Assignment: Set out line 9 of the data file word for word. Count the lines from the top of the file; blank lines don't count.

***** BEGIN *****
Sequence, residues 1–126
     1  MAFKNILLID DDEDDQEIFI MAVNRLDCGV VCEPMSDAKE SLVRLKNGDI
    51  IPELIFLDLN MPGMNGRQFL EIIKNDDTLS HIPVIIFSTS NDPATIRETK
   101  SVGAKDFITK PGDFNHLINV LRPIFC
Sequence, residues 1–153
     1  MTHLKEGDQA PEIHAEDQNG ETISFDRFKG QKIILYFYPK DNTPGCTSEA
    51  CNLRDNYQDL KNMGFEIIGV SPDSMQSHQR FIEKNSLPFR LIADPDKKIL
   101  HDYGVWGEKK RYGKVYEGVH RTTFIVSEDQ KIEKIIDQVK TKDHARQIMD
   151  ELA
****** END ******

   151  ELA